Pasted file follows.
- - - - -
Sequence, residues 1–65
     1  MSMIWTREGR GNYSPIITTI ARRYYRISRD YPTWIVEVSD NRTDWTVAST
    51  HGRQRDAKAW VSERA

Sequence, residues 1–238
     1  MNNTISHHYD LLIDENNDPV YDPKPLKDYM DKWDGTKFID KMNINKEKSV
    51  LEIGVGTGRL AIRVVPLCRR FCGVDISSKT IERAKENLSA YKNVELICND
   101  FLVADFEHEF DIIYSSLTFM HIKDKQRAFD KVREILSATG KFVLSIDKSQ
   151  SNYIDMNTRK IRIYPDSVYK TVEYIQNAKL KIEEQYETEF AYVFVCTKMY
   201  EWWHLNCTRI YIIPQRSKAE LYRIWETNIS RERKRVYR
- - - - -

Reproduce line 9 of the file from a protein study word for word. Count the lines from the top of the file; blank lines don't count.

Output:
   201  EWWHLNCTRI YIIPQRSKAE LYRIWETNIS RERKRVYR